“necessary to enable the court to resolve the proceedings justly”. This is precisely the same language as appears in section 38(7A) of the 1989 Act and section 13(6) of the 2014 Act, so it must mean the same. Specifically, the learning in Re TG and in In re H-L must, in my judgment, apply as much to section 32(5) of the 1989 Act as it does to section 38(7A) of the 1989 Act and section 13(6) of the 2014 Act. Moreover, extensions are “not to be granted routinely”
and require “specific justification.””
I emphasised the point (para 34)
“I repeat, because the point is so important, that in no case can an extension beyond 26 weeks be authorised unless it is “necessary” to enable the court to resolve the proceedings “justly”. Only the imperative demands of justice – fair process – or of the child’s welfare will suffice.”
 I went on to consider in what circumstances the qualification in section 32(5) might apply. Recognising that in the final analysis the question can be determined only on a case by case basis, I offered what I was careful to describe (para 32) as “some preliminary and necessarily tentative observations”. I continued (para 33, citations omitted):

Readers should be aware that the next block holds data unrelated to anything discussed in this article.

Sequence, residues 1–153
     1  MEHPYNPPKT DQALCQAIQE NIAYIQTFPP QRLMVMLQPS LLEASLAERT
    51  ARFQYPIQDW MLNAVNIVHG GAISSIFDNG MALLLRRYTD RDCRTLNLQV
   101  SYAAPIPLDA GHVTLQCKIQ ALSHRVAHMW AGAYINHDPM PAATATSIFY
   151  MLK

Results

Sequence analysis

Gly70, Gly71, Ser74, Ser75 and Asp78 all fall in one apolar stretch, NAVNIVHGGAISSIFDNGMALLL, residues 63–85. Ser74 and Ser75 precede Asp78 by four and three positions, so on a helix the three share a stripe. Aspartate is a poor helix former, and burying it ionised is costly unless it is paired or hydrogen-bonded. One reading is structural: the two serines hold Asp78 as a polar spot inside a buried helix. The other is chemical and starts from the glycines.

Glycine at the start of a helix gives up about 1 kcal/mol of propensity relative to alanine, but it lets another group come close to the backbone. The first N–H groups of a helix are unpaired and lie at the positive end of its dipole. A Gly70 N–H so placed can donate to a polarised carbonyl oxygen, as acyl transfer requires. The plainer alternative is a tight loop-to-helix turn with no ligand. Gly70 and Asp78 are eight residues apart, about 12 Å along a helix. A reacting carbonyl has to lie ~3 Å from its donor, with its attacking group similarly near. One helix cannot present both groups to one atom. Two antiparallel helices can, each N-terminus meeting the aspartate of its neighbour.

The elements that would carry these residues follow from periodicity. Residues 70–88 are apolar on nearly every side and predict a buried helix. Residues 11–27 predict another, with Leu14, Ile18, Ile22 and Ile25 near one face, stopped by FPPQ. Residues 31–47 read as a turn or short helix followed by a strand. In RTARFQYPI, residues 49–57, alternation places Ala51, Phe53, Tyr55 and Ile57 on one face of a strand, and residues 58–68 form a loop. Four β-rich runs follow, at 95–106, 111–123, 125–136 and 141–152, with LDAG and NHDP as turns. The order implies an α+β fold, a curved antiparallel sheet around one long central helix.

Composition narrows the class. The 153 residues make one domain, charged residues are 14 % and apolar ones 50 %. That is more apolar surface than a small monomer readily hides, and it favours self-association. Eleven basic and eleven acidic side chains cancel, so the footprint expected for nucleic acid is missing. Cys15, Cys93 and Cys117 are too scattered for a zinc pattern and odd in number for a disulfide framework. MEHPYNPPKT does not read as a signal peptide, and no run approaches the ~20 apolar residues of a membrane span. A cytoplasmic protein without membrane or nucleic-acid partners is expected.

“There will, as it seems to me, be three different forensic contexts in which an extension of the 26 week time limit in accordance with section 32(5) may be “necessary”:
i) The first is where the case can be identified from the outset, or at least very early on, as one which it may not be possible to resolve justly within 26 weeks. Experience will no doubt identify the kind of cases that may fall within this category. Four examples which readily spring to mind (no doubt others will emerge) are (a) very heavy cases involving the most complex medical evidence where a separate fact finding hearing is directed … (b) FDAC type cases (see further below), (c) cases with an international element where investigations or assessments have to be carried out abroad and (d) cases where the parent’s disabilities require recourse to special assessments or measures…